scales of justice and law books

The former owner of a now-shuttered Richmond, VA, assisted living community pleaded guilty Wednesday to healthcare fraud after reportedly using more than $823,000 in federal and state benefits intended to pay for the care of residents for her own personal use.

Mable B. Jones, owner and operator of the former Jones & Jones assisted living community, is scheduled to be sentenced on Jan. 11, 2022. She faces a maximum 10 years in prison. 

Jones & Jones was a representative payee and regularly received state and federal benefit payments on behalf of residents legally deemed incapable of managing their own funds, according to the Justice Department. Representative payees are required to use Social Security benefits to provide food, clothing, housing and medical care for beneficiaries.

Jones, whose administrator license was suspended for 90 days in 2017 by the Virginia Board of Long-Term Care Administrators, was accused of diverting federal and state Social Security benefits for her own personal use from December 2015 to 2019. The Justice Department alleged that Jones used residents’ benefits to pay personal debts, including her mortgage and bankruptcy bills, and to fund personal travel, retail purchases and gambling expenses, including at casinos in Atlantic City, NJ, and Las Vegas.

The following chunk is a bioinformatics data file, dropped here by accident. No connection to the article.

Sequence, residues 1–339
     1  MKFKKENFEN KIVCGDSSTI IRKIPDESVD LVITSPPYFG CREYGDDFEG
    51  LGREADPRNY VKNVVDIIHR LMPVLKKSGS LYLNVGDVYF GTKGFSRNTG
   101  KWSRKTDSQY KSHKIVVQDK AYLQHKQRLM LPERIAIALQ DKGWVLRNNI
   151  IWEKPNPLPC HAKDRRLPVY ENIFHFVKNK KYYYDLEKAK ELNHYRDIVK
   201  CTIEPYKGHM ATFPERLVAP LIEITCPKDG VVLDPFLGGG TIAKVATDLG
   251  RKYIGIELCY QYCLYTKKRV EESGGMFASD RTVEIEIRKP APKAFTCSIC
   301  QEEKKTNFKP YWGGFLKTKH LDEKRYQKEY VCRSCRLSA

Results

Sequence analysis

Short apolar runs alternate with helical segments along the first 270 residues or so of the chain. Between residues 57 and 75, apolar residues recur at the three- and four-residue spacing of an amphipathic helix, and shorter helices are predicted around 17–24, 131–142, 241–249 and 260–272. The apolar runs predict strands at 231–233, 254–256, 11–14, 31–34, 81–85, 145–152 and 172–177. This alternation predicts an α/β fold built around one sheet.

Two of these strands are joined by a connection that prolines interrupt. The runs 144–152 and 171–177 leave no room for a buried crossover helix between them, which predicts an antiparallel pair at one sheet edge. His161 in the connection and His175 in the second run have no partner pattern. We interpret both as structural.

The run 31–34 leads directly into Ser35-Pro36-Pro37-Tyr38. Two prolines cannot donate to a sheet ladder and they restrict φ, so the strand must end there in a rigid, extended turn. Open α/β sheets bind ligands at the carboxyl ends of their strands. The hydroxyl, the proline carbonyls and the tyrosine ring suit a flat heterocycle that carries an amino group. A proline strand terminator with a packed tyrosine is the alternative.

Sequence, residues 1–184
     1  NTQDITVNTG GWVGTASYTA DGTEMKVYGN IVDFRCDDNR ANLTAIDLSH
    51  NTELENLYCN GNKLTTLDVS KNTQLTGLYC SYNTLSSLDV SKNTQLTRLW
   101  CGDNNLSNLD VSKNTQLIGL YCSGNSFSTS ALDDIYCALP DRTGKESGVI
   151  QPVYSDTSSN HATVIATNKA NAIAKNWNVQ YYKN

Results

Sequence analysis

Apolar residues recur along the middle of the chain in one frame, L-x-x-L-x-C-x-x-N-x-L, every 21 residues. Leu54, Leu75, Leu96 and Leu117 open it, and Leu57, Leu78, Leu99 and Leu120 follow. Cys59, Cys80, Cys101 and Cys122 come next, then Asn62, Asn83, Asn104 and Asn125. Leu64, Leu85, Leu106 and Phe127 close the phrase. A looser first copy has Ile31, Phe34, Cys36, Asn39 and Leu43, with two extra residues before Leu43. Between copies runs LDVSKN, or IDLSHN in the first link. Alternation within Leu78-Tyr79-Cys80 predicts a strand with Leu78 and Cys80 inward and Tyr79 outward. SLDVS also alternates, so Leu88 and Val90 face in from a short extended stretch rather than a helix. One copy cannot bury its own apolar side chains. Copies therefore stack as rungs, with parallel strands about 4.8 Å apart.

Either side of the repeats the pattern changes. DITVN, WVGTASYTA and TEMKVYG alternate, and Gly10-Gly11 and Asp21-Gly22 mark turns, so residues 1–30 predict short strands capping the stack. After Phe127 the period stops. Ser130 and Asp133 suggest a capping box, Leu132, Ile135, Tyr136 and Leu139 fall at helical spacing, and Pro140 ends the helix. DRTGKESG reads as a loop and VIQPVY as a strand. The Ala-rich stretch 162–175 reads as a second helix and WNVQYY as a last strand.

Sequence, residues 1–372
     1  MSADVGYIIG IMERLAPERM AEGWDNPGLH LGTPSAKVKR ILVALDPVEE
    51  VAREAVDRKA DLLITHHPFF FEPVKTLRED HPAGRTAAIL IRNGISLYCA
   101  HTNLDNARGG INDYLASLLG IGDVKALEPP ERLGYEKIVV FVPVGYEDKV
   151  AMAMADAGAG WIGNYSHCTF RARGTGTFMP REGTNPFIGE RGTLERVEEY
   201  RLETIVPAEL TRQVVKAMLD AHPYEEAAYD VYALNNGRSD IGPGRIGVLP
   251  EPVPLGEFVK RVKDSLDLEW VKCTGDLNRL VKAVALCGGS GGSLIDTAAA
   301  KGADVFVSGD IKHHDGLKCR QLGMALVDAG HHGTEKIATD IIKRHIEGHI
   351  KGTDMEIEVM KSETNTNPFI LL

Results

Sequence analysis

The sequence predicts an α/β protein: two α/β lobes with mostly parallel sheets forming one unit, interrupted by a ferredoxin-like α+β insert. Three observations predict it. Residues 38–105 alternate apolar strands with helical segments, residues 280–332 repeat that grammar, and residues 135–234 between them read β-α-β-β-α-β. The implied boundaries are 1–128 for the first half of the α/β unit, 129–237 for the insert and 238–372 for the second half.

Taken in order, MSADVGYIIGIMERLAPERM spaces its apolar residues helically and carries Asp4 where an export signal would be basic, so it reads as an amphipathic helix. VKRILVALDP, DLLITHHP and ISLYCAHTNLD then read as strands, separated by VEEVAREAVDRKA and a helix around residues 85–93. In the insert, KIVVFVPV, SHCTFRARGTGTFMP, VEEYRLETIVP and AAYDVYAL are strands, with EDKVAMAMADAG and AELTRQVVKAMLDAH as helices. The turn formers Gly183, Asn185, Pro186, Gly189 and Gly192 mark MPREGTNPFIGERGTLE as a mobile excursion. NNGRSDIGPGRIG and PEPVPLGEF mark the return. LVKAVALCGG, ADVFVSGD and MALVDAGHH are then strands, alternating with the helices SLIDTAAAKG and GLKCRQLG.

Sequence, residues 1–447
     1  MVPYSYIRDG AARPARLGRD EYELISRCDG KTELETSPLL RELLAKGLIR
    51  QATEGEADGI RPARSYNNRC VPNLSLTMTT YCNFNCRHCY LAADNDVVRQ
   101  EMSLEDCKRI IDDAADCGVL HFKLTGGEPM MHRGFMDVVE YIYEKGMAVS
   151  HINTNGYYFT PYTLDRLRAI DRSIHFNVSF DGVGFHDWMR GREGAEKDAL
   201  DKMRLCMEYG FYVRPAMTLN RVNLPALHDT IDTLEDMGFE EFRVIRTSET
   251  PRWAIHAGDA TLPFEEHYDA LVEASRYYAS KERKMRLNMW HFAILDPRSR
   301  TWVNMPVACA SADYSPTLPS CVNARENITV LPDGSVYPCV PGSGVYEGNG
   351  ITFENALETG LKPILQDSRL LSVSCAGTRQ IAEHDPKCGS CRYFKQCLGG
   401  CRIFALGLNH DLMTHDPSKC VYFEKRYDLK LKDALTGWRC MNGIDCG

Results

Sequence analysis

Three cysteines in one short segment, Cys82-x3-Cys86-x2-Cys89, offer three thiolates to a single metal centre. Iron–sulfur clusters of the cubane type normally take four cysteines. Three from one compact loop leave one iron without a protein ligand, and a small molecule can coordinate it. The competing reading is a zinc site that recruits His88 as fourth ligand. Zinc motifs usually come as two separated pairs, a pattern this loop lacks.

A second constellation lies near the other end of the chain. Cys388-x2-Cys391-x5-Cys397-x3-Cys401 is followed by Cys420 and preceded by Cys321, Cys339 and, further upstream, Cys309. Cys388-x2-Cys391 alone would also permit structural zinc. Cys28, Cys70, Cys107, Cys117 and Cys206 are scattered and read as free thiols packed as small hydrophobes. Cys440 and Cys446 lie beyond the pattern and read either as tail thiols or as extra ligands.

“Jones’ diversion of resident benefits led to significant and persistent deficiencies in the facilities, care and services provided to Jones & Jones residents, including deficiencies that endangered residents’ health and safety,” according to the DOJ. “These conditions ultimately prompted state and federal audits of the facility before its closure, during which Jones made false statements about her conversion and use of resident funds.”

Richmond Police began investigating the community after residents were found wandering the street nearby, begging for money. That event triggered investigations from the Department of Social Services, Social Security Administration and local authorities. 

The state’s investigation uncovered “dire conditions,” violations and video of possible elder abuse. The US. Attorney’s Office for the Eastern District of Virginia, Attorney General of Virginia, FBI’s Richmond Field Office and the Social Security Administration Office of the Inspector General were involved in the case.

As McKnight’s Senior Living previously reported, Jones’ administrators’ license was suspended again in 2018, and she was indicted this past April. The community closed in spring 2019.